Oakton, Virginia (2006)
Where I live in Northern Virginia, I often drive by a Lukoil gasoline station on my way to the local shopping center. Such a sight would have been unimaginable twenty, or even fifteen, years ago. For me, this Lukoil station is the most visible symbol of how Russia’s economic transformation has affected my life. And it is reassuring to know that if oil supplies from the Middle East are interrupted, Russia is a country that America can buy oil from.
But oil (in the form of gasoline) is just about the only thing I can buy fromRussia here in America. While there is no shortage of products I can buy from China, South Korea, and many other countries, I do not see any Russian products in my local shopping center. The one exception is that in the state-owned liquor stores (yes, we still have those here inVirginia), I can find vodka fromRussia—as well as from a lot of other countries.
What this illustrates, I believe, is that Russia faces a choice: Will it use its earnings from petroleum exports to invest in other sectors of the Russian economy so that they too can produce goods and services that Americans and other foreigners will be willing to buy? Or will Russia, like all too many other petroleum rich states, be satisfied to live off its oil and gas revenues, and thereby avoid the hard work of competing with others to produce goods and services that can sell in the world market?
Russia certainly has the human potential to make the first choice. To begin with, it has a well-educated work force. And while Russian workers do not consider it an advantage, the lower wages prevailing inRussia compared to the West give Russian business a comparative advantage over higher wage Western states on an important component cost of producing anything.
In addition, Russia now has a lot of managerial talent with experience both in Russia and abroad. There are also a large number of Western ex-pats who have worked in Russia for a long time with similar experience. Both of these groups can help Russian business compete effectively in the West.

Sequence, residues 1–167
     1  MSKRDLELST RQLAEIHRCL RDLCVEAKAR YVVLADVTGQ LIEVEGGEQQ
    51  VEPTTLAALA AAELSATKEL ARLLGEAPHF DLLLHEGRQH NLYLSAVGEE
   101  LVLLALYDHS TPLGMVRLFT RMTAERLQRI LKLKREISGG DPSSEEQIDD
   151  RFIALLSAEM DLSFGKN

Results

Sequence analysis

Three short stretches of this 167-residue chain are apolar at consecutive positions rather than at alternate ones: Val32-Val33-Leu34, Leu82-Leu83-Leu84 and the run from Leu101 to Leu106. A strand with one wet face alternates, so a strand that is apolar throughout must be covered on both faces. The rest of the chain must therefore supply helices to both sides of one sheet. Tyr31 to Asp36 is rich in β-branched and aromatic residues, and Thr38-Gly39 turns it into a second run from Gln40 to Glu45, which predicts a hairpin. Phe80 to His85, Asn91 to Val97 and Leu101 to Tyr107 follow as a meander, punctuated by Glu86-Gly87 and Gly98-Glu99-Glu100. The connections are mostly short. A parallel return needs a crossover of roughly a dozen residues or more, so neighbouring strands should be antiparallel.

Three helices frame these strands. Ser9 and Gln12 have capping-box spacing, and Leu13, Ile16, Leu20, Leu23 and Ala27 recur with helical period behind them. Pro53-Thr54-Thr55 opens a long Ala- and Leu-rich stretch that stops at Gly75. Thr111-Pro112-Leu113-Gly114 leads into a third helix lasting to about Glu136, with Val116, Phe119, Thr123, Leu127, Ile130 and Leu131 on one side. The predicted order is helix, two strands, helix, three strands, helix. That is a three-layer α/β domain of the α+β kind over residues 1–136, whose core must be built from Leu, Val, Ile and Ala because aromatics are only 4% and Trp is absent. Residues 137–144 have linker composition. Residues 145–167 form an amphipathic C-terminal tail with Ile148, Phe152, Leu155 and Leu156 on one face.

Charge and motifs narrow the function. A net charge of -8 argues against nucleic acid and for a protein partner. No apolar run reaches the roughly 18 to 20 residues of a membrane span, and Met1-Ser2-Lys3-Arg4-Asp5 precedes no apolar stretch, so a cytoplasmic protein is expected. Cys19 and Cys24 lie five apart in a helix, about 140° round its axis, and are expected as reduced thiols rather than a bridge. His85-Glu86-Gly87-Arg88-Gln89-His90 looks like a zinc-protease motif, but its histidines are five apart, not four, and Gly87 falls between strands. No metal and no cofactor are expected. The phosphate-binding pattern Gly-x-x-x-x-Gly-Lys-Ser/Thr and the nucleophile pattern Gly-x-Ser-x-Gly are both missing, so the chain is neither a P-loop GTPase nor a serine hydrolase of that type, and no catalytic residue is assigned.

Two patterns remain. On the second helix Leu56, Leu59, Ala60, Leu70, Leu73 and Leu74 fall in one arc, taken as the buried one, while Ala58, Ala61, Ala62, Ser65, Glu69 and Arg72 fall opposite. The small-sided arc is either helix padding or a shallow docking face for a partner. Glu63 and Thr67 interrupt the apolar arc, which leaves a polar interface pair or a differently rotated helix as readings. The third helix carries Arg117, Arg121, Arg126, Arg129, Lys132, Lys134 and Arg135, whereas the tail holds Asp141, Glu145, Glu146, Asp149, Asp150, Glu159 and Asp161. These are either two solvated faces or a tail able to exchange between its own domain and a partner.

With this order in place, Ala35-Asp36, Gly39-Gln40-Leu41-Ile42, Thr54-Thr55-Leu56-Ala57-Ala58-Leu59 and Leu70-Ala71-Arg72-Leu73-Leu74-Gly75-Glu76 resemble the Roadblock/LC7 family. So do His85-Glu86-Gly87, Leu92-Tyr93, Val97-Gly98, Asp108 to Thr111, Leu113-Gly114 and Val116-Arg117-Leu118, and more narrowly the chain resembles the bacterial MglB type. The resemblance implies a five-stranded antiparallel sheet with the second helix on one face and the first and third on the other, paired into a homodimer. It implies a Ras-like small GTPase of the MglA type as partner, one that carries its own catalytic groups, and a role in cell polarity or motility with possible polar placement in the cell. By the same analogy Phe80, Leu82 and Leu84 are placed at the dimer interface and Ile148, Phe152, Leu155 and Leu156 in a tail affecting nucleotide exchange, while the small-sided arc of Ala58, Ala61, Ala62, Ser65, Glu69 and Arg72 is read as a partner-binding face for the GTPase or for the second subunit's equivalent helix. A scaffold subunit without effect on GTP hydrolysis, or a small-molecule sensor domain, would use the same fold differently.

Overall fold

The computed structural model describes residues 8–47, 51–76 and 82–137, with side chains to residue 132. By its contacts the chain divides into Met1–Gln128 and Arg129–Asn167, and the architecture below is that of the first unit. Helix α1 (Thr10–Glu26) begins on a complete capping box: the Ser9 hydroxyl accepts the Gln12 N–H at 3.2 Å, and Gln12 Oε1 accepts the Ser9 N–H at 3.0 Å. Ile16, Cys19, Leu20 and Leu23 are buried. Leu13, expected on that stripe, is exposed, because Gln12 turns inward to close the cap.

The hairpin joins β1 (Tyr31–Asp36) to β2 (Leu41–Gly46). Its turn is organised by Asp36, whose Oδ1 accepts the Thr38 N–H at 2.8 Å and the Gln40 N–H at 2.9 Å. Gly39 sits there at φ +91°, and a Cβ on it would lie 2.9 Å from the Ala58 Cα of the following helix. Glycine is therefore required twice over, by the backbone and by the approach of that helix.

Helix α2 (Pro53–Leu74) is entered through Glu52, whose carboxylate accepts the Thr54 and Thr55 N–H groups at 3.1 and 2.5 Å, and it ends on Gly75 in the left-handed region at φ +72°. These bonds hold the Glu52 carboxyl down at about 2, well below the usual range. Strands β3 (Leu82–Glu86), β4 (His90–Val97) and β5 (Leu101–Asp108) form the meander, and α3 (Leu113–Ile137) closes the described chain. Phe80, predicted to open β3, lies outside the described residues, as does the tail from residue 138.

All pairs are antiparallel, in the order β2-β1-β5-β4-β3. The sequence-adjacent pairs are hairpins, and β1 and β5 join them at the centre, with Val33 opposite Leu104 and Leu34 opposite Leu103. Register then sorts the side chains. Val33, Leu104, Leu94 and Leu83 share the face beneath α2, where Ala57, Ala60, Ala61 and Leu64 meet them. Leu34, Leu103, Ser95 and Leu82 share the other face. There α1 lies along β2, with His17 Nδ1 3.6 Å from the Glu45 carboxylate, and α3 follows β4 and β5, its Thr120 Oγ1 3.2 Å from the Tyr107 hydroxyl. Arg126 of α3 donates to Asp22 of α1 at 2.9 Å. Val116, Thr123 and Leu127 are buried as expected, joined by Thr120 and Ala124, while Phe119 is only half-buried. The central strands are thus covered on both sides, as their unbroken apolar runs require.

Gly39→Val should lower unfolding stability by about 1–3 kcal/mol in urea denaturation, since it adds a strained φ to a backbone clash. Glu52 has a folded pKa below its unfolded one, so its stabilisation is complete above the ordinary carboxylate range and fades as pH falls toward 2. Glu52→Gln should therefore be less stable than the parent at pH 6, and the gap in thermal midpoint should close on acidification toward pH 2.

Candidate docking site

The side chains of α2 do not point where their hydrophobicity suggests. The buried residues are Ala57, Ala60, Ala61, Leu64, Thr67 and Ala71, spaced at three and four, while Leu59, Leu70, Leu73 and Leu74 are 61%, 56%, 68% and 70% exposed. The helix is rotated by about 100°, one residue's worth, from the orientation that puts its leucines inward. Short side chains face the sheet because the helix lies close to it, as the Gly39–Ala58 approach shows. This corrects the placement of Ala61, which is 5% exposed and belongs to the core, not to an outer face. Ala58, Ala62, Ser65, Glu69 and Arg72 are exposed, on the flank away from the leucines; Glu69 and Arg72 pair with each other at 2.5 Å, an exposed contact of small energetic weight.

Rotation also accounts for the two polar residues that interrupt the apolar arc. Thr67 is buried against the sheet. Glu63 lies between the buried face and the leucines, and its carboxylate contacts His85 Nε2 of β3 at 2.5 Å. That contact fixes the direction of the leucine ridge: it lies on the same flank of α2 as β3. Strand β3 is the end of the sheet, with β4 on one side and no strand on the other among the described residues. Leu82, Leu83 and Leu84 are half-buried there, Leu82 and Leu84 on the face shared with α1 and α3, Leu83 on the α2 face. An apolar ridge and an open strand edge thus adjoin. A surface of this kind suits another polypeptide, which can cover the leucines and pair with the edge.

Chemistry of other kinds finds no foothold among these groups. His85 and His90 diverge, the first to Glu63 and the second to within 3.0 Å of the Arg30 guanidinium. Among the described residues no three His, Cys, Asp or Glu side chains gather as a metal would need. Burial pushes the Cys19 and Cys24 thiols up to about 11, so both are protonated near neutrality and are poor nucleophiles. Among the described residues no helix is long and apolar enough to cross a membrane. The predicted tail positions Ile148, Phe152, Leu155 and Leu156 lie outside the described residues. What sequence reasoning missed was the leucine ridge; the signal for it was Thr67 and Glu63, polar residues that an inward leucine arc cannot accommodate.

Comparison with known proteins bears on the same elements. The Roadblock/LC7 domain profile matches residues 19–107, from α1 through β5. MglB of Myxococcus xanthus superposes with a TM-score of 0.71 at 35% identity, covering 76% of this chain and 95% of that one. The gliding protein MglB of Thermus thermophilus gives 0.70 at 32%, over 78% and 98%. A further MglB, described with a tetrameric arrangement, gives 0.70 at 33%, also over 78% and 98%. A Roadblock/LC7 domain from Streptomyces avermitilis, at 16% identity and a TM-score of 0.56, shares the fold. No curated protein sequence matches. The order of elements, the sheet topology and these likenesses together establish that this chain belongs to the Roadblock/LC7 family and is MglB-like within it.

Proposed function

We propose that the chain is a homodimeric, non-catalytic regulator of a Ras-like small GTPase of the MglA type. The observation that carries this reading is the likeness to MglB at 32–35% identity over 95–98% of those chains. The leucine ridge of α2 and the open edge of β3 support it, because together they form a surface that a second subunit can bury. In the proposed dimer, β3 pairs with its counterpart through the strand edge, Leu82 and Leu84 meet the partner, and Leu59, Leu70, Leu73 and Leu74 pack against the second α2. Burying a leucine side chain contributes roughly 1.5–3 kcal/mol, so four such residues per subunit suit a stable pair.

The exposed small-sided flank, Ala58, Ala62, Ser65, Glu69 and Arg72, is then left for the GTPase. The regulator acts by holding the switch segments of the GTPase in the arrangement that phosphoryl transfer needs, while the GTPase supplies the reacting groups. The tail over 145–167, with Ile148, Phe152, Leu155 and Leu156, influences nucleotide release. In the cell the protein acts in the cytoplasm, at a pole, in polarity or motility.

Russia, then, undoubtedly could sell manufactured goods and services to foreign consumers and businesses. And doing so would have an enormously positive impact onRussiasince this would create far more jobs than the petroleum sector can. Indeed, this would allow Russia to enter the ranks of the “tiger” economies such as those in Asia and elsewhere. But for Russia to do this will require not just investment, but a sensitivity to ever changing market demands as well as the nimbleness necessary to meet them.
Doing this would enable Russia to join the ranks of China, India, South Korea, Brazil, and many others that successfully export their products to the West. If Russia is to do this, however, it will be accomplished by its businessmen (and women), not by its government. Bureaucrats—whether in Russia or anywhere else—are not entrepreneurs. Whereas businessmen take calculated risks, bureaucrats are risk averse. Whereas businessmen must be attuned to what markets want in order to succeed, bureaucrats are far more attuned to political and organizational interests. Bureaucrats, though, can make a singularly important contribution to the success of their country’s businessmen: they can create the conditions necessary for them to succeed, and then stay out of their way.
It clearly benefits Russia as a whole if on the way to my shopping center I stop at the Lukoil station to buy gas. But it would benefit Russia even more if after doing so, I go to the shopping center and buy a Russian scarf for my wife, a Russian DVD for my daughter, and Russian software for my computer (in addition, of course, to that bottle of Russian vodka for me). I—and other consumers—would do this not out of any particular sympathy for Russia, but because these products were of high quality and reasonably priced. Nor is there anything wrong with this, since the ability of Russian business to supply such goods is the best guarantee that it can profit from doing so. Our being nervous about China, after all, has not prevented us from buying its high quality, reasonably priced products.
I have no doubt that Russian business has the entrepreneurial and managerial talent as well as the capital necessary to export all manner of goods and services besides petroleum to the world market. The real question is whether Russian business is willing to undertake the constant adaptation to the world market’s ever changing demands that will be necessary for it do so successfully.
Originally published in Russian as “Benzin i vodka: Vzgliad iz SShA,” Top-Manager (St. Petersburg), May 2006, pp. 136-7.